Passchendaele 1917 - a Soldier's View

Thomas Ient had this to say about the devastation that war brings – it is factual and guarded but compelling, leaving us to read between the lines:

An Impression Of Passchendaele

I suppose most people looking back on their past life recall certain episodes which stand out and are unforgettable experiences which are never forgotten – this applies whether one is young or old. In my case, this applies in the case of the battle of Passchendaele which was a grim incident in the First World War.

As far as I remember, we arrived on the Yser Canal somewhere about the middle of October 1917, in anything but suitable weather for static or moving warfare. In fact, during the few weeks we were there it never seemed to cease raining.

The scene was bleak, grim and forbidding as one surveyed the landscape in all directions under the leaden skies, where any form of habitation seemed to have disappeared under the continuous shelling over the past years.

It was difficult to say where some of the villages had been and in fact the devastation appeared to be complete, leaving only the tree trunks standing and, in the distance, a few buildings at Ypres. Places like Langhernarck, St Julien and Pilkern were nothing more than a heap of rubble in a sea of water and mud, made increasingly worse by the continuous shelling which went on day and night.

The way to the front line was by the way of duckboard tracks and very much different to other parts of the Western Front where trenches were one continuous line. Everyone struggled to keep to the duckboard track, otherwise one found oneself up to the waist in mud and water, and, to make matters worse, the journey had to be made at night.

The surrounding country in its natural state was covered by small streams or beeks (becks in English) and, due to the constant shelling, the banks had been broken down so that one ran into another and formed one great lake.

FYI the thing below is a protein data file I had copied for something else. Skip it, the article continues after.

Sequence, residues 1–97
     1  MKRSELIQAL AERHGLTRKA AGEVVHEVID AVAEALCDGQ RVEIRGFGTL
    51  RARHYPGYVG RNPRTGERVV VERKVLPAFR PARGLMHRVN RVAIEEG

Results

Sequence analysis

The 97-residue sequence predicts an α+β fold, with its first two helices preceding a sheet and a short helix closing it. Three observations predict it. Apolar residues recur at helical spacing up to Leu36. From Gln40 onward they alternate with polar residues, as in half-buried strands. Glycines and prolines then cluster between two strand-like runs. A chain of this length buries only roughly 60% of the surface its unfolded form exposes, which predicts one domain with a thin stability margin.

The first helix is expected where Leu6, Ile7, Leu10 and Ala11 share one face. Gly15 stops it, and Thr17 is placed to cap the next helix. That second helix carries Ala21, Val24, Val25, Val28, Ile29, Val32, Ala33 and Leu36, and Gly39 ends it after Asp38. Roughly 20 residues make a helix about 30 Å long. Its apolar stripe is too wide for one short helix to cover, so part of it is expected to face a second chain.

It is small wonder then that progress had been slow towards Passchendaele while the cost in lives and wounded ran into thousands as the enemy always had the advantage. This part of the front was studded with concrete pill boxes which afforded the Germans complete cover and means to repel every attack we made.

I do not know how many of the PORs* were lost in this attack, but I did hear that only 100 came back out of 600, but whether these figures are authentic I cannot say for certain. I am sure most of us would say that our greatest enemy in those October days was not the Germans but the atrocious weather, with the incessant rain which made progress impossible and life unbearable.

The trenches we lived in during the previous months of summer were infinitely better than this misery of shell holes complete with water, mud, etc., and little or no cover from the enemy machine guns.

Naturally, much has been written about Passchendaele and whether it was all necessary – after all, we did lose thousands of men killed, wounded, and missing – and I think the Generals must take some of the blame for throwing away so many in impossible conditions. Afterwards, many I spoke to thought it would have been far better to wait for the 1918 spring when the ground would have been drier and progress much quicker.

The thousands lost would have proved beneficial to meet the German onslaught of March 1919, where we lost 70,000-80,000 prisoners simply because we did not have the numbers to meet the attack. For instance, the PORs held a front in March 1918 of some five miles with about 500 or 600 men – how could we hold the enemy?

But, in a final word about Passchendaele, I think many thousands were thrown away before the Canadians captured Passchendaele on November 7, and it is questionable whether it was worth it.

* Post Office Rifles Regiment


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